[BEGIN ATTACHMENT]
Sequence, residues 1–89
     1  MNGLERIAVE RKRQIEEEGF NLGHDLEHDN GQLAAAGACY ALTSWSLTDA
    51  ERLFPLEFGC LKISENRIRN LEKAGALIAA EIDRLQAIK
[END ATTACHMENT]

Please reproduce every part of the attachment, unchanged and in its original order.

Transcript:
Sequence, residues 1–89
     1  MNGLERIAVE RKRQIEEEGF NLGHDLEHDN GQLAAAGACY ALTSWSLTDA
    51  ERLFPLEFGC LKISENRIRN LEKAGALIAA EIDRLQAIK